The bonnie sterns, at the growsame grin,
Frae th' Equator's belt till the Polar pin,
Creipt to their chawmers a' within,

To shelter themselves for a space;
And the earth, through a' her michtie buik,
Like a palsyt creature quhiver'd and shook;
Dogs youf't and youl'd, men shiver't and quook,
As they lay on their beds afeard:
For me I cared na a preen or a strae,
For Cleutie that gluntsch'd and gruntlet sae;
But, breeshlin' up to man's mortal Fae,

I grippit him bauld by the beard;
And I said, Ah, Tyke! ah, Imp o' the Air!
I hae you now in my clutches fair!
For your ill-willit deeds I'll punysh you sair!

And I gave him a slap on the baffit;

But I wauken'd mysell wi' the slap and its pain;
For Auld Hornie's cheek I had thwackit mine ain,
And my bonny sleek beard I had mistaen
For that o' the Prince o' Tophet!


By Robert Chambers.

STRANGE fancies rise at sight of thee,
Tower of the lonesome, silent sea!
Art thou a thing of earth or sky,

Upshot from beneath, or let down from on high-
A thing of the wave, or a thing of the cloud-
The work of man, or the work of God?
Old art thou?-has thy blue minaret
Seen the young suns of creation set?
Or did but the yester years of time
Wake their old eyes on thy youthful prime,
Creature of mystery sublime?

Strange seem thy purposes and fate,
Emblem of all that's desolate !
Outcast of earth, as if cursed and exiled,
Thou hast taken thy place on the ocean wild,
And rear'st, like a mournful repentant Cain,
Thy conscious and flame-letter'd brow on the main,
Telling all who might come to companion or cheer,
To shun thy abode of destruction and fear.
Hermit of the desert sea,
Loneliest of all things that be,
Even the Pillar'd Enthusiast was nothing to thee!

No change in thy aspect, place, or form,
Brings light or darkness, sunshine or storm;
Times and seasons change, but thou never changest-
Range all other sea things, but thou never rangest.
Morn breaks on thy head with her blush and her smile-
Noon pours all his splendours around thy lone pile—

The long level sunbeams that gild thee at eve,
Cast thy shade till 'tis lost o'er the far German wave;
Or night falls upon thee, as dew falls on tree-
Yet these alternations no change work on thee!
Let the sea, as the heaven which it mirrors, be calm,
And each breath of the breeze bring its own load of

Or let its bleak pavement be traversed and torn
By the white-crested war-waves, from northern seas


Who seem, as they rush to old Albany's strand,
A new troop of Norsemen invading the land—
Or let the rough mood of that long trooping host
In the conflict and rage of a tempest be lost-
And to the wild scene deepest darkness be given,
Save where God pours his fire through the shot-holes
of heaven-

In calm or in breeze-amidst tempest and flame-
Thou art still the same beautiful, terrible same!


THEY'RE stepping off, the friends I knew, They're going one by one;

They're taking wives to tame their lives,
Their jovial days are done;—

I can't get one old crony now
To join me in a spree ;

They've all grown grave domestic men,
They look askance on me.

I hate to see them sober'd down-
The merry boys and true,-
I hate to hear them sneering now
At pictures fancy drew;

I care not for their married cheer,
Their puddings and their soups,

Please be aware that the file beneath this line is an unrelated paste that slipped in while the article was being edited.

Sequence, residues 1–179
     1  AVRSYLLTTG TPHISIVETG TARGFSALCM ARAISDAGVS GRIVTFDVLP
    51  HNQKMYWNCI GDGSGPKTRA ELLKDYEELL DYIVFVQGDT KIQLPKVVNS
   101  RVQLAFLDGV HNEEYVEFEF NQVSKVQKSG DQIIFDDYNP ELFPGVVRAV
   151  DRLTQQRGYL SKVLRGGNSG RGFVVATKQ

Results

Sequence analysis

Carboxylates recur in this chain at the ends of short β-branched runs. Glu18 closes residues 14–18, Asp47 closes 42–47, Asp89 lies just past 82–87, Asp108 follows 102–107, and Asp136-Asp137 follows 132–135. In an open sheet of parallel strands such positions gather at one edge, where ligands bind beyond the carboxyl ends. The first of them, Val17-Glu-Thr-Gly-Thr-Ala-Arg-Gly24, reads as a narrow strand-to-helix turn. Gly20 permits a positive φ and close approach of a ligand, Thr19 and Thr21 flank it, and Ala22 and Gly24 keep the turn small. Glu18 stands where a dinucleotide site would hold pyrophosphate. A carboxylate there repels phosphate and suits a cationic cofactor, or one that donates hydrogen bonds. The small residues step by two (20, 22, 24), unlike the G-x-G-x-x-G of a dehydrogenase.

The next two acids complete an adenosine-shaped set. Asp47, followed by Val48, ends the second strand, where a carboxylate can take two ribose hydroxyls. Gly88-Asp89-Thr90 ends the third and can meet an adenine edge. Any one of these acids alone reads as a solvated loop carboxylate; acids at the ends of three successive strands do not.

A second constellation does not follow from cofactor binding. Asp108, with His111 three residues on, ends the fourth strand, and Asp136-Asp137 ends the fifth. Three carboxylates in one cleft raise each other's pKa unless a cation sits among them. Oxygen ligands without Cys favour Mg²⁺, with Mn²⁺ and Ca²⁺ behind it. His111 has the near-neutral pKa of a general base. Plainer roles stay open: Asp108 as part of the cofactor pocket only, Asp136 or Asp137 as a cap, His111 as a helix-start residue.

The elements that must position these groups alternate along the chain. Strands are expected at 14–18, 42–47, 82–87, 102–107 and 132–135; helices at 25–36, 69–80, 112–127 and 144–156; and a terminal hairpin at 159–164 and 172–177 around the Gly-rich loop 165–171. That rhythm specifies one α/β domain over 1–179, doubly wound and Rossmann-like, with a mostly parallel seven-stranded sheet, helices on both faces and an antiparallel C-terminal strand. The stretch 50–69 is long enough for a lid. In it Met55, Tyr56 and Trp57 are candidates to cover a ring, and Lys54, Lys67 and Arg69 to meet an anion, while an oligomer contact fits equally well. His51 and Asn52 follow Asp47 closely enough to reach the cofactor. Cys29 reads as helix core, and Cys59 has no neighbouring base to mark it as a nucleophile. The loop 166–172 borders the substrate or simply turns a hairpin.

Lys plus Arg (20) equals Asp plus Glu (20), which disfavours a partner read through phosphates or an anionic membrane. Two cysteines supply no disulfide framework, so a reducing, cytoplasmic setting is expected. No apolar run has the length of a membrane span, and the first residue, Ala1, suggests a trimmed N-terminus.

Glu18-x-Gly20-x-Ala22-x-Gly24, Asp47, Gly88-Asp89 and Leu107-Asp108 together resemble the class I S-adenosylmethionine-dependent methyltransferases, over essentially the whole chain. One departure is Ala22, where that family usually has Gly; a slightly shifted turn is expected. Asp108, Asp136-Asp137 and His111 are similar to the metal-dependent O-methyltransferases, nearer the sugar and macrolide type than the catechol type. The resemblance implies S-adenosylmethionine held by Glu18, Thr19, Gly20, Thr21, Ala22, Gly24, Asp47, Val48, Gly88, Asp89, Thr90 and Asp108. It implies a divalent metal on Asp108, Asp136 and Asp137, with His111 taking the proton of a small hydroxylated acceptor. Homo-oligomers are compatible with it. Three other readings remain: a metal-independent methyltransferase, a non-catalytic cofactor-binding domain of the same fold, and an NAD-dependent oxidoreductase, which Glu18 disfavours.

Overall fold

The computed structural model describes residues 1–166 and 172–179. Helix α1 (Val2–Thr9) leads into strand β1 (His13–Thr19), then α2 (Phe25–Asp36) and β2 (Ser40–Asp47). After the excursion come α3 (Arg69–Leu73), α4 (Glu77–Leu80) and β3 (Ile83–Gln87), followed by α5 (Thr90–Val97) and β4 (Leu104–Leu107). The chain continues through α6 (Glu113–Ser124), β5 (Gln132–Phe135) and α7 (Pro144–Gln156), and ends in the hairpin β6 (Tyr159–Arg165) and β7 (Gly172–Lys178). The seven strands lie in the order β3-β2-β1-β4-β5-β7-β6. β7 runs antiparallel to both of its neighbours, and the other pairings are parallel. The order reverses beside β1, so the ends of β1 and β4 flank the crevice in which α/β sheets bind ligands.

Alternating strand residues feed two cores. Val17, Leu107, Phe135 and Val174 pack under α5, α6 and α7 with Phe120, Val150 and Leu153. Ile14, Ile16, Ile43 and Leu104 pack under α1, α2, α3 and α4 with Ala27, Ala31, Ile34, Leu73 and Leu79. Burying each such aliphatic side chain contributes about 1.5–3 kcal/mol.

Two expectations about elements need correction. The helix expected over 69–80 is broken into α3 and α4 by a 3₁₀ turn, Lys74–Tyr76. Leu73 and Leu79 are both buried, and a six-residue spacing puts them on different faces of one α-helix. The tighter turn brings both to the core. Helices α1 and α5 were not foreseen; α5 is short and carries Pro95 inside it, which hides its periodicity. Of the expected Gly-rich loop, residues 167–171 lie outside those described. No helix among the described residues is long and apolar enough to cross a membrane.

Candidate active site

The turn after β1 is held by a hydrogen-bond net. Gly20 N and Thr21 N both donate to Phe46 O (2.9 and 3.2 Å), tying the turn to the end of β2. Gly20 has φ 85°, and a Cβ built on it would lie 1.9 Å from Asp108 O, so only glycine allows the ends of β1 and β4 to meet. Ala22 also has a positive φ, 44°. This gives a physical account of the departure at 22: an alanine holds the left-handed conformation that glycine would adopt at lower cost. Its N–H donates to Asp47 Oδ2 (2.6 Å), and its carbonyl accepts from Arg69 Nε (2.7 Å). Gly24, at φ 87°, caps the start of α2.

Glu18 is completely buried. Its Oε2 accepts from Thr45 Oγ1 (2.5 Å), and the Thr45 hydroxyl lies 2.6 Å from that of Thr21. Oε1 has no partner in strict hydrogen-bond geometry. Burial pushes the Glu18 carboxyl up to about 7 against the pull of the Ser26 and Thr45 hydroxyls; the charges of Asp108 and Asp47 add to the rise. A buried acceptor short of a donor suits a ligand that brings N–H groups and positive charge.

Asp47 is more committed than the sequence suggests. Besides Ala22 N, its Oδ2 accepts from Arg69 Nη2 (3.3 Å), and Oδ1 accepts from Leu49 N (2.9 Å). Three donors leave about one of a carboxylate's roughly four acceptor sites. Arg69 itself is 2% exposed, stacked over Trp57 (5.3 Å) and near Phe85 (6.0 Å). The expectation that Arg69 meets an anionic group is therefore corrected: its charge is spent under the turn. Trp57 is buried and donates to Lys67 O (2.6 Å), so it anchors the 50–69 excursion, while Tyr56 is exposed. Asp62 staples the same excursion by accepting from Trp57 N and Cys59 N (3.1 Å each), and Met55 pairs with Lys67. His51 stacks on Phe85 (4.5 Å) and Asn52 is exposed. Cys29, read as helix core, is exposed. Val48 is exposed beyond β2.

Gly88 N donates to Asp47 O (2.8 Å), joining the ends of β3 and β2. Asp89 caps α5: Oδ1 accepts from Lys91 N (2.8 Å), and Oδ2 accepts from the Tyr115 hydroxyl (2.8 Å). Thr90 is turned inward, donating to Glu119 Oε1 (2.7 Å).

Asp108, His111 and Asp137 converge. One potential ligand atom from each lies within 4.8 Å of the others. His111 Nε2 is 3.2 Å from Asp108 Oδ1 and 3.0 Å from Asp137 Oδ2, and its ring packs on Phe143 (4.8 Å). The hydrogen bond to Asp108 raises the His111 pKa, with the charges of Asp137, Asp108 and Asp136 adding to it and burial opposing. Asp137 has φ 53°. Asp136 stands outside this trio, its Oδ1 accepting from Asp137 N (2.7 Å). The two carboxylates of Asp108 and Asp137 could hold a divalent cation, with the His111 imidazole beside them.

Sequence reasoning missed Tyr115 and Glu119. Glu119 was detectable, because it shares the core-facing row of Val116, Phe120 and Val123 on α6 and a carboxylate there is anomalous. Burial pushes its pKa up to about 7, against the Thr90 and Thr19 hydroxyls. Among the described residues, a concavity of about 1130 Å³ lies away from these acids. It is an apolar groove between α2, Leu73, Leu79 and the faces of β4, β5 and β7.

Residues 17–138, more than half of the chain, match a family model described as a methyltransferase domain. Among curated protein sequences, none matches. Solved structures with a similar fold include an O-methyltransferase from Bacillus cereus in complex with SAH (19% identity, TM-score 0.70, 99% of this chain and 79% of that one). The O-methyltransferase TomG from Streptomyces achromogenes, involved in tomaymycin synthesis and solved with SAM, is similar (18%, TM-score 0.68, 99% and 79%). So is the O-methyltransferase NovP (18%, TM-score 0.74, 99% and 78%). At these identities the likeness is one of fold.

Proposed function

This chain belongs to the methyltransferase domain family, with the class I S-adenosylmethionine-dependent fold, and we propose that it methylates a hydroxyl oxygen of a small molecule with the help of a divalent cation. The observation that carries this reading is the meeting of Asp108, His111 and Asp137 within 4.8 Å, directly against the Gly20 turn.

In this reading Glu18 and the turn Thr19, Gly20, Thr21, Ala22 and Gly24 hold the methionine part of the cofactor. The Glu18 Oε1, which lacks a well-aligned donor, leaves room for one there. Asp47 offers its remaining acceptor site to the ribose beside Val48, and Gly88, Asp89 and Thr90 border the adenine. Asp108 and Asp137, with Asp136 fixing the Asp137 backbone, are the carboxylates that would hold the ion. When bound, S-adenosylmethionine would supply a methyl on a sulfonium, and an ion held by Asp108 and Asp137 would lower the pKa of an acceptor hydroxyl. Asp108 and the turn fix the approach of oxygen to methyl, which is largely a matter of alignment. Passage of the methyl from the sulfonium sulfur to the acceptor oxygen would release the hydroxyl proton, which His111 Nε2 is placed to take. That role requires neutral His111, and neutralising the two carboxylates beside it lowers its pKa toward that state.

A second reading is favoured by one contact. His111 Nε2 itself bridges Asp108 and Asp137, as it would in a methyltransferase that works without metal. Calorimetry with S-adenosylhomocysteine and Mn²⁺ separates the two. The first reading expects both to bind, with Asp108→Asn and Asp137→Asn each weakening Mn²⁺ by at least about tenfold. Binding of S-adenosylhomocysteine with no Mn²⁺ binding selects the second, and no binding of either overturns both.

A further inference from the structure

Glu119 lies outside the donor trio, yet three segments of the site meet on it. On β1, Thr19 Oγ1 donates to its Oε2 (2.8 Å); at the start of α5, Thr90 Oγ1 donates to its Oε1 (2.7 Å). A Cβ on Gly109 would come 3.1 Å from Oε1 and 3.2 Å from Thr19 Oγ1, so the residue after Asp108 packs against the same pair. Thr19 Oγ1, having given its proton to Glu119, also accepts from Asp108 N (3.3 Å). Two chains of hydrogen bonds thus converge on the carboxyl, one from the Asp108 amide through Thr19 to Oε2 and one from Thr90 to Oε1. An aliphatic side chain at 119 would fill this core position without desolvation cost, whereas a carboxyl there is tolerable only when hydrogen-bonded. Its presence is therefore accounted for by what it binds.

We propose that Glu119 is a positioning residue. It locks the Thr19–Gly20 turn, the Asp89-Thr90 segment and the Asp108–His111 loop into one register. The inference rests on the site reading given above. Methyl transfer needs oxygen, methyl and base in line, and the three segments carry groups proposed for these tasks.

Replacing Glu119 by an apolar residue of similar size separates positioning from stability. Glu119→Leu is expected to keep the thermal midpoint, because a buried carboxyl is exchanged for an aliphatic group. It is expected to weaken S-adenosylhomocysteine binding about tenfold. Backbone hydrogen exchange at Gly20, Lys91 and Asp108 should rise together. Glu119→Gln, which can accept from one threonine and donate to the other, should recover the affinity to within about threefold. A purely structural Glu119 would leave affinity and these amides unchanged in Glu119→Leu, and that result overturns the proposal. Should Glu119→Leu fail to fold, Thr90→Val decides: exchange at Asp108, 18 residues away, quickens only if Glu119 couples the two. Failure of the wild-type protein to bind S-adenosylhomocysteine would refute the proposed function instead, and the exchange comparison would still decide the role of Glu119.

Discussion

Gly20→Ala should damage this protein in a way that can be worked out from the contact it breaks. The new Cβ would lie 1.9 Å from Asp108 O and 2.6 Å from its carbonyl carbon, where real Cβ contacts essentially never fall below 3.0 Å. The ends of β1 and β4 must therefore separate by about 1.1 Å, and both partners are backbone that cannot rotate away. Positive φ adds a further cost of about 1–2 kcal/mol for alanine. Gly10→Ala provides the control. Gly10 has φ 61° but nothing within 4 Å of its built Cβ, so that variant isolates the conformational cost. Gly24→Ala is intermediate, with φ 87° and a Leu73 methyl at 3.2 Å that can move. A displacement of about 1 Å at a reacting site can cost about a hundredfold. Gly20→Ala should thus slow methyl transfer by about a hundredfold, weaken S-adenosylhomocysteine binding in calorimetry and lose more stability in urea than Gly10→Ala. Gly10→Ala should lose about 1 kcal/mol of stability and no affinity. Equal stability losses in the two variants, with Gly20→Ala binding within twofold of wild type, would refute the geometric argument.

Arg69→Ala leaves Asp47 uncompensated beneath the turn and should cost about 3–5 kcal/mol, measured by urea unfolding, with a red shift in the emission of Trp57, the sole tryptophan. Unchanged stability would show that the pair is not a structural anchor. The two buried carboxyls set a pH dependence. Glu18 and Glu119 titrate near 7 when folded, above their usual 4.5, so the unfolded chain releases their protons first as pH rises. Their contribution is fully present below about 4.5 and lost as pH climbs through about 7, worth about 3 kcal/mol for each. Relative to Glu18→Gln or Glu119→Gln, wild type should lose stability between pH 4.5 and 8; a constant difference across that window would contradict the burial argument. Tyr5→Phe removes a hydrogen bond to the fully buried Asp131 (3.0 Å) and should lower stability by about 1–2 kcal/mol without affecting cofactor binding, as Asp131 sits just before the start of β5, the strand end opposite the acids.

And middle-aged relations round

In formidable groups.

And though their wife perchance may have A comely sort of face,

And at the table's upper end

Conduct herself with grace,

I hate the prim reserve that reigns,
The caution and the state,

I hate to see my friend grow vain
Of furniture and plate.

O! give me back the days again
When we have wander'd free,

And stole the dew from every flower,

The fruit from every tree;

The friends I loved-they will not come,— They've all deserted me;

They sit at home and toast their toes,

Look stupid, and sip tea.

By Jove! they go to bed at ten,

And rise at half past nine;

And seldom do they now exceed

A pint or so of wine;

They play at whist for sixpences,
They very rarely dance,
They never read a word of rhyme,
Nor open a romance.

They talk-Good Lord!-of politics,
Of taxes, and of crops;
And very quietly, with their wives,
They go about to shops;
They get quite skilled in groceries,
And learn'd in butcher meat,
And know exactly what they pay
For every thing they eat.

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I Do not wish to clothe in vulgar words
The deeper thoughts that in my bosom lie,
To outward sense invisible, like birds
Afloat far off in the cerulean sky.
Let them abide in me, as water-springs
Within the caverns of the rock-ribb'd hill ;-
O'er them no breeze its rippling mantle flings,

They feel not summer's heat, nor winter's chill;
And when the storm uproots the mountain pine,
Or covers o'er with snow the lofty peak,
They rest like liquid diamonds in their mine,

Calm and unchanged, when all without is bleak ;—
So slumber ye, my thoughts, while all unseeing
The cold crowd passes by, and knows not of your being.
H. G. B.

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The History of the Hebrew Commonwealth, from the Earliest Times to the Destruction of Jerusalem, A. D. 72. Translated from the German of John Jahn, D. D., formerly Professor of the Oriental Languages, of Biblical Antiquities, and of Theology, in the University of Vienna: with a Continuation to the time of Adrian. Two volumes. London. Hurst, Chance, and Co. 1829. Family Library. No. VI. History of the Jews. Vol II. London. John Murray. 1829.


two, not preternaturally extensive volumes, the history not only of the Jews, but of all the revolutions of empire in the East, from the earliest times down to the conquest of Jerusalem.

We took occasion lately-while reviewing the first volume of Milman's history of the Jews-to turn our read

vious to the Babylonish captivity; and we are not sorry to have so early an opportunity of adding a few observations on their subsequent fortunes down to the period of their final dispersion. There are but scanty materials for constructing the history of the nation during this pe